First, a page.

Just down the hill from the cob oven build, student got the chance to experience the wonders of sheet mulching! We first watered and broke the soil with an especially effective local tool called an enchada (large hoe). Next, we laid multiple layers of soaked cardboard all along the top of the raised beds ensuring ample overlap. Then we collected horse manure and other organic matter from the road to create a thick rich layer on top of the wet sheets of cardboard. Here in Portugal, like many places around the world, endless amounts of organic matter are discarded by people everyday and we, as Permaculturalist, are happy to transform this waste-stream into soil for the garden and heat for the shower.
Another small adjustment we made to the class schedule was to move the fermentation session up to earlier in the course. We strongly believe in the health giving and energy-saving properties of fermented foods, not to mention its inextricable link to Permaculture.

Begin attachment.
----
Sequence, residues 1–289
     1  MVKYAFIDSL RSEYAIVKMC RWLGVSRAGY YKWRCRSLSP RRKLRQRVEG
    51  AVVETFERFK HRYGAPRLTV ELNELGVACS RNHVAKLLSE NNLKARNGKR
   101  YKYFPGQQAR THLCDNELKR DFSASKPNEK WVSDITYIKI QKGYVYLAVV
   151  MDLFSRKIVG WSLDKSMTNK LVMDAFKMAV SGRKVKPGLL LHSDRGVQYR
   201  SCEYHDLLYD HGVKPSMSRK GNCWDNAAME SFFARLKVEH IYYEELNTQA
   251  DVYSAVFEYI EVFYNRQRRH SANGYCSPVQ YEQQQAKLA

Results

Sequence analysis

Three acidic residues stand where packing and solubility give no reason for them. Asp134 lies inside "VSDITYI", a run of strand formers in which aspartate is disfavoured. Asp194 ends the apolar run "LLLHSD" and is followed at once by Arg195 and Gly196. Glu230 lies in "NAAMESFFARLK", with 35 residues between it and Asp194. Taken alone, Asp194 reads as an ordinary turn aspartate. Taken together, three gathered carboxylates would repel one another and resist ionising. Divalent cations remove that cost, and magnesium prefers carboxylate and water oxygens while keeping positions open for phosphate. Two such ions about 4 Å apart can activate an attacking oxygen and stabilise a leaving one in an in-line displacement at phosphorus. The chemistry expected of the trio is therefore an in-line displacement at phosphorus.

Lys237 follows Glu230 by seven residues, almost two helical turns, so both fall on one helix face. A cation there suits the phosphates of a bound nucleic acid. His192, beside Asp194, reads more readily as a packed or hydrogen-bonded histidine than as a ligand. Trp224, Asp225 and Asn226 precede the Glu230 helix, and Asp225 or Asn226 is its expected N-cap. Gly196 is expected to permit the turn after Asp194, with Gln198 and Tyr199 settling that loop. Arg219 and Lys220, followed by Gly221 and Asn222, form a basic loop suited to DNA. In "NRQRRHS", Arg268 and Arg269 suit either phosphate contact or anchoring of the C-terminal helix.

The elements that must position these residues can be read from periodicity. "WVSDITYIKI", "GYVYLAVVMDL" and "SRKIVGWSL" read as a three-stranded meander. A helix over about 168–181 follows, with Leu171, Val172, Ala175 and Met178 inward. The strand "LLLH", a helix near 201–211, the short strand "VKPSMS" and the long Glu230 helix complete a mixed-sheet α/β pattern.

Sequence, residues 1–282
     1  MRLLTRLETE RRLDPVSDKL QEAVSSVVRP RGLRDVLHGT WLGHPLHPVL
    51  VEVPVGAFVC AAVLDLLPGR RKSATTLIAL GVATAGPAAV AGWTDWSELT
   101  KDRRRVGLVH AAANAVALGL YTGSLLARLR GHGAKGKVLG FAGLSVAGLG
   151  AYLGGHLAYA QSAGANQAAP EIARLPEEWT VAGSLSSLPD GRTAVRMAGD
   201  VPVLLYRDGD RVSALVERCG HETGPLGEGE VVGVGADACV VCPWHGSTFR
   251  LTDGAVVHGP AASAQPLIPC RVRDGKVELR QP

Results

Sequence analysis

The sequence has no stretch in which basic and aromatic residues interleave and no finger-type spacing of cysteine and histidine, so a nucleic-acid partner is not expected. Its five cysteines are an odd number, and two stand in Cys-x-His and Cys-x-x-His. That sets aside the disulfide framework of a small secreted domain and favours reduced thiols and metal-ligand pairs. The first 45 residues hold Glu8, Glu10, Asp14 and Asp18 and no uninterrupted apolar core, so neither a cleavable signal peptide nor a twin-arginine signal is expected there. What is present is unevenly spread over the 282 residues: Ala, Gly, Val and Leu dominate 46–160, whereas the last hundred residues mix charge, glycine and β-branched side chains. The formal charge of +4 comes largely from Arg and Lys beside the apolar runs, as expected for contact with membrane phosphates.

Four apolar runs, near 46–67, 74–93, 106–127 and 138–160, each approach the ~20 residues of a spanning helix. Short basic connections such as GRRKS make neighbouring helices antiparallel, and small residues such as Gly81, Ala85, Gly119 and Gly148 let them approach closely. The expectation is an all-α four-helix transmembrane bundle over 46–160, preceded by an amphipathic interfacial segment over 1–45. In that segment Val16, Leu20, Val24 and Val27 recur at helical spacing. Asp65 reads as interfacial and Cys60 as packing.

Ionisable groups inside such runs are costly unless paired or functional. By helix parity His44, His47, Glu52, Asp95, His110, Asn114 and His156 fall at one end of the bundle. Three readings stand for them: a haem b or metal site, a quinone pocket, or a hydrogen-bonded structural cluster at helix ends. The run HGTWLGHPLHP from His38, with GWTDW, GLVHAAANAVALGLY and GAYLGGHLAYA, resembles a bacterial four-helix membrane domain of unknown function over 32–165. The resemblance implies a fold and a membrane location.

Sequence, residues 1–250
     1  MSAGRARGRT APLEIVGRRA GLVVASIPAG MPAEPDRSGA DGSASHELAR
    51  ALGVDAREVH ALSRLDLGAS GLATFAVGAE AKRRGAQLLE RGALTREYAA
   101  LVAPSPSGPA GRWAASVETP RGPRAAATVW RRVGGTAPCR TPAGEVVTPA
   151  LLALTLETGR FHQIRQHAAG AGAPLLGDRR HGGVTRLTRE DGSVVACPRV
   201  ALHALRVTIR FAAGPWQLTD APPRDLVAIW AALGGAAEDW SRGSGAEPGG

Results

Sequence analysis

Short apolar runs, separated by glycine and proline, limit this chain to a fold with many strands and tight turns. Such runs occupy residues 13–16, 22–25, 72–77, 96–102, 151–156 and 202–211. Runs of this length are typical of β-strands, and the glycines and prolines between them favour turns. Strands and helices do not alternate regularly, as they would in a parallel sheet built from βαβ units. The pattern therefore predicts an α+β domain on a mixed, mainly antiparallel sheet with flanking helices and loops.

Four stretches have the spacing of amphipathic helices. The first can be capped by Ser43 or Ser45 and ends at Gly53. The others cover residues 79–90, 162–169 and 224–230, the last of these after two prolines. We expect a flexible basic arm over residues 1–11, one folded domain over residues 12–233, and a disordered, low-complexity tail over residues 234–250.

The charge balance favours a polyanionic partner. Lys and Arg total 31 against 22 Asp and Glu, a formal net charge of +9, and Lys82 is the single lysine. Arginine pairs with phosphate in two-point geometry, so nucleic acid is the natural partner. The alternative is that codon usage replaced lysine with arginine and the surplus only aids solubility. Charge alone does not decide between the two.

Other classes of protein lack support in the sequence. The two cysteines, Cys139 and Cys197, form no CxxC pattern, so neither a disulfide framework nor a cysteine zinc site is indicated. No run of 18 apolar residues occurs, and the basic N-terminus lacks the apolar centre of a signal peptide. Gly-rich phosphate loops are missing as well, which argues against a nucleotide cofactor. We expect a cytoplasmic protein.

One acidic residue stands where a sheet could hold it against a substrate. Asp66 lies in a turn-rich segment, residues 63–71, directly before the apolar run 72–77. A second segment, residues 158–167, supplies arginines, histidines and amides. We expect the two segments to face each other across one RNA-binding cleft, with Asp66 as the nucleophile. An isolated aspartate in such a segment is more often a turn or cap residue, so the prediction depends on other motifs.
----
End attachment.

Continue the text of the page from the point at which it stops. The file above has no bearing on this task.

Thus on day 4 of 14, we made naturally carbonated drinks from ripe plums, pickled cucumbers and nasturtium seed-pods, salted cabbage and root crops to make sauerkraut and kimchi all through fermentation techniques. By the end of the course we had enjoyed the delights of the fizzy drinks and the tangy tastes of the sauerkraut. Students really enjoyed seeing the process unfold from beginning to end. One student even explained later after tasting the creations, that she was so thankful that we had demystified something she had always wanted to get into. That is the point of it all…to free the will of students, to let go of fear, and to learn, learn, learn. So a special thanks to all the students for an amazing course! It truly was a lot of fun and a great exploration, all at the same time. Até ja!